Most clutch plates have an internal thread and puller of some type that uses that thread. The coil is behind the pulley and pressed on a hub, its magnetic field pulls through the pulley. If the coil was loose it would/could be rubbing on the pulley when it rotates and you'd hear/feel that.
No internal threads on the pulley, I think that is used more on GM compressors. Maybe a pulley puller? or am I looking in the wrong place as for why I have no AC?
The picture seems to show internal threads in the clutch plate hub, right near the shaft. The special tool puller engages those and then presses on the end of the shaft to force the plate off. Do not try to use an ordinary gear puller on the clutch plate, grabbing from the outside will just bend the plate.
The pulley bearing is held in place by a snap ring that can only be removed after the clutch plate is off. Then you can pull the pulley / bearing assembly with a regular jaw type gear puller. Use a cup-shaped special tool (such as a socket) to span over the shaft so the puller screw does not put force on the shaft. You want the force to be on the nose-piece that holds the bearing rather than going down the shaft to the compressor internals. This is again all after the plate is off because you then need to remove the pulley to replace the coil.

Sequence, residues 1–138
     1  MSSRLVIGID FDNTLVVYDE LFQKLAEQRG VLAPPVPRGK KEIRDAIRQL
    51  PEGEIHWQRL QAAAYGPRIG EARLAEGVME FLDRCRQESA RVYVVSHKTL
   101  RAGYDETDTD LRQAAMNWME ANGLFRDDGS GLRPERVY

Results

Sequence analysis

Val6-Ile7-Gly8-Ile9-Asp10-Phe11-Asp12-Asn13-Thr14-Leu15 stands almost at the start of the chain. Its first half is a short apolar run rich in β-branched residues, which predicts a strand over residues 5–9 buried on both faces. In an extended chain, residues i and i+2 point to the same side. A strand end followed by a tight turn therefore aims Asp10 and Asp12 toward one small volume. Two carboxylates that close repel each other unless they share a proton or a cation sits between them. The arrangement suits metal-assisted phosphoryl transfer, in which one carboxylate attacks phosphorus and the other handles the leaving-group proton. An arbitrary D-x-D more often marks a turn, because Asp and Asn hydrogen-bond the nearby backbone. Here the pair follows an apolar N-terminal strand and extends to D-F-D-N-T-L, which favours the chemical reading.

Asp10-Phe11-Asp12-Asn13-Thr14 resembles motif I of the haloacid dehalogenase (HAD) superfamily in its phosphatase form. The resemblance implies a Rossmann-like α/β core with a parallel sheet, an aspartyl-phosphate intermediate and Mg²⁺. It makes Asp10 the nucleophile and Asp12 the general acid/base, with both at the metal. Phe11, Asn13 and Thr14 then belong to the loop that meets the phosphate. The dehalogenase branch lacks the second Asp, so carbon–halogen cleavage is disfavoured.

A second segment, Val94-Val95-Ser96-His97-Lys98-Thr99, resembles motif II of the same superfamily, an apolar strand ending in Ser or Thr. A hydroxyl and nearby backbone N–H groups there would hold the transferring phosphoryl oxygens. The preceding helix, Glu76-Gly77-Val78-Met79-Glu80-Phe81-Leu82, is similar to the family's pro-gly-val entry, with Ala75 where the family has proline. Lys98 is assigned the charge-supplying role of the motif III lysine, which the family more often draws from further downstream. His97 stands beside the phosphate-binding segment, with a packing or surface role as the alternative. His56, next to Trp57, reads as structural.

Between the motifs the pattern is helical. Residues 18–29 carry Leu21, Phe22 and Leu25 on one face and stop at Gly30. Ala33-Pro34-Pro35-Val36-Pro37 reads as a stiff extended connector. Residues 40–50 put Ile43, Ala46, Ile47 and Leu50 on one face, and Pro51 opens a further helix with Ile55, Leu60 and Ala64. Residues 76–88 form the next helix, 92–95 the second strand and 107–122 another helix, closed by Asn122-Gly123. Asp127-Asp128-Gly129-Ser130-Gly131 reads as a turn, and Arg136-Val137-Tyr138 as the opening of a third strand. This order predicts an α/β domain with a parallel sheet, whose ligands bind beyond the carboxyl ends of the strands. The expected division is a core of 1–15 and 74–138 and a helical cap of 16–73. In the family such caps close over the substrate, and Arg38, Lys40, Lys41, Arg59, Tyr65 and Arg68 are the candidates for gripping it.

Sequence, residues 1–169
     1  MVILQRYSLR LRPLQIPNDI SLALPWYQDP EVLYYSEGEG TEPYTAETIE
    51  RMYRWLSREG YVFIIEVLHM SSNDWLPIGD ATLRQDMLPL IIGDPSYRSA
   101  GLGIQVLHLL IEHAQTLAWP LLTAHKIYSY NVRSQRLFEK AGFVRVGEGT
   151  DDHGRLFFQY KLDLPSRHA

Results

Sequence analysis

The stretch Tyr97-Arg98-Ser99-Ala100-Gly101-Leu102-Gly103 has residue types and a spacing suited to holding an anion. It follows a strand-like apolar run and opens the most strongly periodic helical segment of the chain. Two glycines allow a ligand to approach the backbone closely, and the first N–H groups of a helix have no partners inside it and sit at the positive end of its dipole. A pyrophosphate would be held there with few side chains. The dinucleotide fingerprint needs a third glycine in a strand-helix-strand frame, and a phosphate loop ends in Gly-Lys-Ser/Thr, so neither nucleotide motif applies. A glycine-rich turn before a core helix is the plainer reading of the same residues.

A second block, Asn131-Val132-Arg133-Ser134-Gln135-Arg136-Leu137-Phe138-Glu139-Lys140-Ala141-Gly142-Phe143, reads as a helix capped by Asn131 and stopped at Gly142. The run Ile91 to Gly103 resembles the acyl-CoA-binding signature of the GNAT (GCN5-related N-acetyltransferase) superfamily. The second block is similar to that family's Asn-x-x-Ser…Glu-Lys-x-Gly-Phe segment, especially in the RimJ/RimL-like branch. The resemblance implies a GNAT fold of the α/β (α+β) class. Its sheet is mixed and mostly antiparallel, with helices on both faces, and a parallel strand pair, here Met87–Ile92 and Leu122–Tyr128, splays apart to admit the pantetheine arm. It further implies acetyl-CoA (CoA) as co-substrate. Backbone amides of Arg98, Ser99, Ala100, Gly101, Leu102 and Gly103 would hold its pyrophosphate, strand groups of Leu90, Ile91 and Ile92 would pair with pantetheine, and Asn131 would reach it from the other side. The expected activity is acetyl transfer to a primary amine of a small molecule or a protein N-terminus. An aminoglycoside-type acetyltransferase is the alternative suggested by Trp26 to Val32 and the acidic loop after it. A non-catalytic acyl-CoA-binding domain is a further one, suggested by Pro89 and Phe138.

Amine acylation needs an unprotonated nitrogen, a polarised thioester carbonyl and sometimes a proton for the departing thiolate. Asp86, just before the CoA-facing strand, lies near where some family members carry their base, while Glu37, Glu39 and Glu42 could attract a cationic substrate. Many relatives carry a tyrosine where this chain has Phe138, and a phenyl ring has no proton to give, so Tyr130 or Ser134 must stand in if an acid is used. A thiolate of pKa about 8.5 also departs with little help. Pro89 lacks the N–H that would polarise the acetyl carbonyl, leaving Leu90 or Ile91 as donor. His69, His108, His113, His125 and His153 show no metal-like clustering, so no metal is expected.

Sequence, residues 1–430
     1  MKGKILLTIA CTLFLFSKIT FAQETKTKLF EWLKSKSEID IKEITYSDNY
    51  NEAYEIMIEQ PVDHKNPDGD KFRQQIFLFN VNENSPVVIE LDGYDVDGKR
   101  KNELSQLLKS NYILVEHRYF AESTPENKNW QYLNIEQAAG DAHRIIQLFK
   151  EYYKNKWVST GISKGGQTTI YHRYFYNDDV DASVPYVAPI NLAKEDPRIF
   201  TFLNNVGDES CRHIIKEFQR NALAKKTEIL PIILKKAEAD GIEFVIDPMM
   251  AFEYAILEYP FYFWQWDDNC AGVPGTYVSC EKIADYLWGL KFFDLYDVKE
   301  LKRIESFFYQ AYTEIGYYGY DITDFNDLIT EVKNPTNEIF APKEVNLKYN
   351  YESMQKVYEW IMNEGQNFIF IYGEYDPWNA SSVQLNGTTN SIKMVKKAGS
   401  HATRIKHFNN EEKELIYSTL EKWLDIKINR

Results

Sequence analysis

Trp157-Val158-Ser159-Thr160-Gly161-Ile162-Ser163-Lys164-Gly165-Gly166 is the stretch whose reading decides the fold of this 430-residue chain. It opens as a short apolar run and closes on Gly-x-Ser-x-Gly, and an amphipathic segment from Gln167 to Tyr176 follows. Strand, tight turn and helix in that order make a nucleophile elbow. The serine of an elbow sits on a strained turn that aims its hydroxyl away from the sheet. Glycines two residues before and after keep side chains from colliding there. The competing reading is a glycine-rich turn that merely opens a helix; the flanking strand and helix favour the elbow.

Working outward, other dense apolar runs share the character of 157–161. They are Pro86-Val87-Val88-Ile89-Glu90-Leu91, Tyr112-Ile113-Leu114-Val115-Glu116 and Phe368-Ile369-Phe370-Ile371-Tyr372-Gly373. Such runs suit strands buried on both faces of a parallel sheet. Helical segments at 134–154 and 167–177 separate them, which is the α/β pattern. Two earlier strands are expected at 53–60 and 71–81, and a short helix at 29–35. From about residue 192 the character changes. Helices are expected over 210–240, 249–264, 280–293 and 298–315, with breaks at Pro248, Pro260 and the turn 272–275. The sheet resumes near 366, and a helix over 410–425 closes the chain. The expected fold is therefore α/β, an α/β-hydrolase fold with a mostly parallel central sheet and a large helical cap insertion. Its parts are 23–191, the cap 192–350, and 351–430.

The clutch looks good from the outside, the gap seems proper. You could unplug the coil and jumper it to the battery with the engine off to see if it pulls in. Make sure to connect the + to the proper side because some clutches have a diode that will burn out from using the wrong polarity.
The red stuff is little shavings of iron that normally wear off of the clutch and then turn to rust after they come to rest on the outer parts.
Edited: Fri September 12, 2014 at 11:10 AM by mk378
There are internal rings(?) on the clutch plate hub, they are not threaded and do not look like they are deep enough to be threads. See picture below
I cannot find a wiring diagram to the compressor. Am I right in assuming that one side of the plug is positive and the other a ground?
I also found a small leak, but it has been there for years as I missed replacing one o-ring on the condenser when I had the system apart. But it is (was) small and only required the refrigerant to be topped off every other year. Does my static pressure sound about right?
I found this diagram of the compressor if it helps.
Edited: Fri September 12, 2014 at 12:10 PM by slawson2000
The ID of the clutch plate is thread and your pictures shows that. Get/use the proper puller after removing the nut.